Not exactly sure, if you also mean, regarding not having equivalence to AUS nursing education, that I would require additional education in Australia or I would not be considered a candidate for AUS nursing visa... please, further details are appreciated.

If AHPRA is asking for information on all of your past nursing work experience, then omitting employment information and pretending you are a new grad would be considered fraud.

I will NOT be omitting any educational/job history, I did not mention that I would have. Thank you for the advice.

Thank you for your response... I would have NOT eliminated my job history, I meant if they would consider me as a new graduate/new nurse since I had employment of less than 1 year and would have recently graduated from a BSN degree program.

Not exactly sure, if you also mean, regarding not having equivalence to AUS nursing education, that I would require additional education in Australia or I would not be considered a candidate for AUS nursing visa... please, further details are appreciated.

I don't think you can be considered a recent graduate if you graduated more than a year ago. With less than one year of work experience you are considered an advanced beginner nurse, it might be better if you wait until you have at least two years of experience with one employer and have become a more competent nurse, before moving to a different country to practice nursing. If you read Patricia Benners 'From Novice to Expert' stages of clinical competence you will understand what I mean about years of experience and gaining competence.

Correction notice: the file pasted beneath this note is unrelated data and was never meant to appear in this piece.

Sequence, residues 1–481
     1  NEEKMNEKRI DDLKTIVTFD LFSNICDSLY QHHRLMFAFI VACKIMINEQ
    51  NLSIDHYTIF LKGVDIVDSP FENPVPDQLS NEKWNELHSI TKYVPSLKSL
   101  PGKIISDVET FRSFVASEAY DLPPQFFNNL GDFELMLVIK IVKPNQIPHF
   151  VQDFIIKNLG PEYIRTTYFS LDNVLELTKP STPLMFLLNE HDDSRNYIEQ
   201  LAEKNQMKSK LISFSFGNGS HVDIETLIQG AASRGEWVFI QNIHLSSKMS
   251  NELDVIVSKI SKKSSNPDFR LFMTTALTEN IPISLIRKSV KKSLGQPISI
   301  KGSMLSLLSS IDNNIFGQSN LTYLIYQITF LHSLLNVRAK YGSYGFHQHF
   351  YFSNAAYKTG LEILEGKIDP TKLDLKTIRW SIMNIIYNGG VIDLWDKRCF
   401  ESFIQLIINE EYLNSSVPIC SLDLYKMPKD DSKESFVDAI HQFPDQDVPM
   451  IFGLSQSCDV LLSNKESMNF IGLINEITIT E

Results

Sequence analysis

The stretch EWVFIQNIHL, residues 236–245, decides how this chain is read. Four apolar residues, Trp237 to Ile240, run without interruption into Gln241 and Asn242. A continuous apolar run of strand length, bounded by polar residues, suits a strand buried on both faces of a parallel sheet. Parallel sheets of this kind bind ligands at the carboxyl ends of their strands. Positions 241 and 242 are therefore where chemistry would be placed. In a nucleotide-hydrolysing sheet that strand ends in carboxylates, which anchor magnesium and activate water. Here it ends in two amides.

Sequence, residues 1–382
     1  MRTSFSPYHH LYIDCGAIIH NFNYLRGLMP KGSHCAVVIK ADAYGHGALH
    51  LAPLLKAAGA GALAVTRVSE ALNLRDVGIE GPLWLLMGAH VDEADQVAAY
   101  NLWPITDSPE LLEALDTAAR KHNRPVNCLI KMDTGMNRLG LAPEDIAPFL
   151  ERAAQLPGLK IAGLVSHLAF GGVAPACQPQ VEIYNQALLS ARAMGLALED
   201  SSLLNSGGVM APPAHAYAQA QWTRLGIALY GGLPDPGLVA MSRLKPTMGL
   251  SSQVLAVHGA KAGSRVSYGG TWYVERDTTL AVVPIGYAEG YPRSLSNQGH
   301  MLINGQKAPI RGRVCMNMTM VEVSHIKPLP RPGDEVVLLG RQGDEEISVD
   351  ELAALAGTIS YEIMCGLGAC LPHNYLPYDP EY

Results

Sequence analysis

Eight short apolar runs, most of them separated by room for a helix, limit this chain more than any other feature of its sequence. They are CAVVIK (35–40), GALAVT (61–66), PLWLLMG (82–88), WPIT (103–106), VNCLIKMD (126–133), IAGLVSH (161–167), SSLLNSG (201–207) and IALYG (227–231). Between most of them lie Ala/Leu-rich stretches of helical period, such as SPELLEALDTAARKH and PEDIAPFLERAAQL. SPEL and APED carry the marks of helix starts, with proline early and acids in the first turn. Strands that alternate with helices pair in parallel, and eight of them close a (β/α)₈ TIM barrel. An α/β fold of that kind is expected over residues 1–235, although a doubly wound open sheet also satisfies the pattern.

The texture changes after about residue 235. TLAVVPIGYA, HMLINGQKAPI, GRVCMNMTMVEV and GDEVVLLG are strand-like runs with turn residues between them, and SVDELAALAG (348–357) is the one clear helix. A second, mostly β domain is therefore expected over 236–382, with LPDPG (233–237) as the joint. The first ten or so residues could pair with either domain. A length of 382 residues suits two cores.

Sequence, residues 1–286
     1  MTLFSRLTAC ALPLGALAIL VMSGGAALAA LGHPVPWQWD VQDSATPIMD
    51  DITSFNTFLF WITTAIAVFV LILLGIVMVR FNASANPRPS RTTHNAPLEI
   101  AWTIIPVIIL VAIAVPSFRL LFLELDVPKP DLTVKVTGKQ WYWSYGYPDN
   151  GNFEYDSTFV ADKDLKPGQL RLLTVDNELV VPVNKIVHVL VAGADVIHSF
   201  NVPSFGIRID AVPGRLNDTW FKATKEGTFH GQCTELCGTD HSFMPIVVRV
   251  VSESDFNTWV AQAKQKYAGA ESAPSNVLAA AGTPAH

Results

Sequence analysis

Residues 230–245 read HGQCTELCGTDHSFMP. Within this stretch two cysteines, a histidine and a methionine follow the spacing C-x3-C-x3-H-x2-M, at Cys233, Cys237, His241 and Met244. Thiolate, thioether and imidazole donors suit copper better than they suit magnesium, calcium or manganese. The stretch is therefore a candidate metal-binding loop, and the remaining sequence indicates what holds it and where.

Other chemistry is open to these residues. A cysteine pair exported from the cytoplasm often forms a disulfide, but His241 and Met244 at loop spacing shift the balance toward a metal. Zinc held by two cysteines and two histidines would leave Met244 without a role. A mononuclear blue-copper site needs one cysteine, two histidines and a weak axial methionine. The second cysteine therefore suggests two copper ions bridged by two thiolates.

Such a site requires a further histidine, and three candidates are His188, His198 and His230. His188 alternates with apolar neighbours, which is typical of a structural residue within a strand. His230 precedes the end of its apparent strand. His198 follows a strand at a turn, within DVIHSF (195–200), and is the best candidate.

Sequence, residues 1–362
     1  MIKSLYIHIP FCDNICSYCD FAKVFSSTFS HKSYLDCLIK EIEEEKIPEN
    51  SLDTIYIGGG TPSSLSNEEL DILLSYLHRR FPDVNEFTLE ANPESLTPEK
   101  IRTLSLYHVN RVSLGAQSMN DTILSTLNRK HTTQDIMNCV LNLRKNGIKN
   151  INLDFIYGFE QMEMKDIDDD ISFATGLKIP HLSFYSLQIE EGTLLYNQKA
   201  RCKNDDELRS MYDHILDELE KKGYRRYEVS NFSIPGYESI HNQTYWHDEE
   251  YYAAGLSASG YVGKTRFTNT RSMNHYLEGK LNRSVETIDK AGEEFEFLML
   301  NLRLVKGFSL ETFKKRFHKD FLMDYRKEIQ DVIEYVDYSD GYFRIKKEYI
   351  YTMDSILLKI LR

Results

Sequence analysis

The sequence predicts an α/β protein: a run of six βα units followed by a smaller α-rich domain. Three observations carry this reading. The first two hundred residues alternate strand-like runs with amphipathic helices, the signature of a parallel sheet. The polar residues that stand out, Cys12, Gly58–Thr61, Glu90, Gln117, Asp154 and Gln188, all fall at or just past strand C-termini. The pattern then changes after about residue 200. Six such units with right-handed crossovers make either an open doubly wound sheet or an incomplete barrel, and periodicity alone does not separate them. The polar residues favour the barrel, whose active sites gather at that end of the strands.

I don't think you can be considered a recent graduate if you graduated more than a year ago.

Thank you for responding! I did graduate with my associate's, but I will also be graduating with my BSN this August 2017, and as of then I will have 1 yr experience.

I appreciate your response, I just feel the urge to venture somewhere because at 27 without a family & having studied a long 7 years without much self-exploration is motivating me.

Thank you for responding! I did graduate with my associate's, but I will also be graduating with my BSN this August 2017, and as of then I will have 1 yr experience.

I appreciate your response, I just feel the urge to venture somewhere because at 27 without a family & having studied a long 7 years without much self-exploration is motivating me.

Those are all personal reasons to move, what are your professional reasons? Are you you knowledgeable about the Australian health care system and nursing practice? If so, what is it about their systems that make you feel like you will be a good fit? How will you prove to AHPRA that you are a competent nurse with safe practice, without a letter from your employer? Moving to another country entails a lot of preparation and planning. It's best to gain a strong understanding of the laws, rules and regulations and cultural expectations of a country before moving, otherwise you may find yourself unemployed or underemployed and experiencing culture shock.

Edited by dishes